Losses are good, else you won't push yourself to work harder, says Pankaj Advani

From his preparation routine and growth as a player over the years, to the state of the sport in India, Pankaj Advani talks about all things snooker.

Pankaj Advani said: The Karnataka State Billiards Association has been the best in India for a very long time but now you have academies coming up in Delhi in Talkatora stadium. You have some really good clubs in Mumbai as well.   -  Shiv Kumar Pushpakar

Pankaj Advani has had quite a year. He won the IBSF World Snooker Team Event with partner Aditya Mehta, after bringing home his 22nd World Championship title a few weeks prior. The decorated cueist talk to Sportstar about the sport in India, its accessibility to aspiring players and his own ambitions for the future.

Is billiards and snooker an expensive sport?

It's not an expensive sport. That's a misconception really. It's a myth. You really have to invest in a cue that's the real thing. However, obviously, this isn't a sport where you can just take the cue and go on to the street and play.

Every sport has a lot of challenges. You look at tennis and badminton. They are much more expensive sports than cue sports. You need sponsorship to travel, investment in equipment, fitness and physio every thing. In billiards and snooker it's just that once you get access to the facilities then obviously it's not much of a challenge.

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Nowadays, clubs are offering sports memberships and if you are talented, you can use the billiards sections. Me and my friend (Sasha) in Bengaluru have started an initiative called Cue School by Pankaj Advani. The idea is to take the sport to schools. Our activities are currently based in Bengaluru but we eventually plan to go pan India and introduce this game in as many schools as we can. We need to start at the grassroot level to give school children the chance to play the game. If they want to take it up as a career, we can provide them a platform.

What kind of physical demands do billiards and snooker impose on a player?

Many people say that it's a game of concentration and mental strength. Yes, it's predominantly that, but you need to be physically fit in order to be mentally sharp. To be strong you need to be flexible because you are also stretching in weird positions on the table. And also the fact that large amount of endurance is required. Because sometimes you are playing matches for five six hours. You have to maintain your physical strength and as well as mentally be aware of what is going on.

Is billiards spectator friendly in comparison to snooker?

It's the other way round because snooker has got more colours on the table, so it has more appeal. However, I think any sport now, like cricket, has gone the 20-20 way to attract more viewers and even get the women and senior people to follow it.

I think every other sport needs to go the shorter format way because people's attention span has shortened. People want a quick, crisp game with unpredictable results. And drama as well. Only the shorter formats will provide that. The traditional format is the 16 red format which has been played for years but even if we go the shorter way in snooker and have a 6 red format it will go well on television, and attract viewers.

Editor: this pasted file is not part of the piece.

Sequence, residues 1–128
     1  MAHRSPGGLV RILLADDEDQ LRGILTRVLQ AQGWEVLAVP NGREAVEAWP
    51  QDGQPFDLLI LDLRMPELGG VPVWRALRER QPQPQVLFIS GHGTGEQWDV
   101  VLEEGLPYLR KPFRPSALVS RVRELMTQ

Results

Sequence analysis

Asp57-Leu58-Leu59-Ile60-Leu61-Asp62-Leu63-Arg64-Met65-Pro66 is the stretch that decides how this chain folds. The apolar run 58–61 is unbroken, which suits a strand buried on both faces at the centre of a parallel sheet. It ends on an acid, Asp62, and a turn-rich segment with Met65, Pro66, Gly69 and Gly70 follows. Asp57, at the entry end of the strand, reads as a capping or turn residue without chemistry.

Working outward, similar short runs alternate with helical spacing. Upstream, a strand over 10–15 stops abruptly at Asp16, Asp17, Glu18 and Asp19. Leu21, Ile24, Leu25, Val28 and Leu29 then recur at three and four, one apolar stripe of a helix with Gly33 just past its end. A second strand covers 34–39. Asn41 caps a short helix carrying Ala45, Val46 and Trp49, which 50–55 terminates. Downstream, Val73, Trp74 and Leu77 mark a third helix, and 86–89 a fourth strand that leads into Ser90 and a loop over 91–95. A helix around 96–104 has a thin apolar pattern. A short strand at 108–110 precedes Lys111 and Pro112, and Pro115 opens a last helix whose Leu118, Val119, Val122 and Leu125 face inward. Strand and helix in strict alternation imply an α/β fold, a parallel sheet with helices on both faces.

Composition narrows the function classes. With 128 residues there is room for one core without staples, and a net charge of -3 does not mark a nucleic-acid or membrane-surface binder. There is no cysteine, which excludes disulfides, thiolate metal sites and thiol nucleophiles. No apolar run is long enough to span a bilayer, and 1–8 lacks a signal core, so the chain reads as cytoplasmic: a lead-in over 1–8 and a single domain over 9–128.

You hail from Bengaluru. What is the standard of facilities in the city?

The Karnataka State Billiards Association has been the best in India for a very long time but now you have academies coming up in Delhi in Talkatora stadium. You have some really good clubs in Mumbai that have upgraded their billiards sections and also their facilities.

But talking about KSBA, it boasts of maximum number of tables under one roof as an association. It has 12 billiards and snooker tables and a few pool tables as well. Most of the national selection tournaments, many national and international level tournaments have taken place at KSBA. Lot of coaches are also available to guide people. We have summer coaching camps as well and that's how I came up as I remember.

Pankaj Advani also spoke about the existence of private leagues in Cue Sport.   -  Shiv Kumar Pushpakar

In the summer of 1996, I was playing snooker by paying 80-100 rupees an hour and I joined KSBA for a summer camp. I trained under one of the coaches, the basic one, and they spotted my talent and that's how I applied for membership and I grew. Every state will have the state association and it's up to the respective state how they develop their own state association. KSBA is the one to follow because it has produced so many champions.

Are facilities accessible even to those who may not be able to afford it?

Yes, if you are promising, show talent and perform in the junior and senior state rankings, we do provide incentives. I don't come from a very affluent background. The first time I won a handicap tournament, like in golf, I was 11 and they waived my subscription fee for the whole year. You need to show some amount of talent and promise to eventually get the support and facilities.

Do you think your achievements have evoked the kind of appreciation you would have expected from your countrymen?

It is up to the country really. If winning a World Championship is a big deal, then obviously it will be a big deal. But if it's about the sport in which you win the World Championship then obviously it's double standards. If it's about just the achievement, then I think it's up to the country to recognise an individual's performance in shooting, badminton or whatever the sport is.

Do you feel any kind of discrimination?

Our federation needs to understand that the sport needs to be televised and that people need to consume it rather than just witness and play. It will give them an idea of what the sport is. When you educate the public,there will be a deeper understanding of the magnitude of all our achievements and all our cues.

The focus these days is on private leagues. Can cue sport go the same way?

We did have a league in 2017 in Ahmedabad and it got televised but last two years nothing has happened. It's up to the Federation.

What about leagues overseas? Can we, and if yes how, bring that kind of appreciation for the sport in Indian audiences too?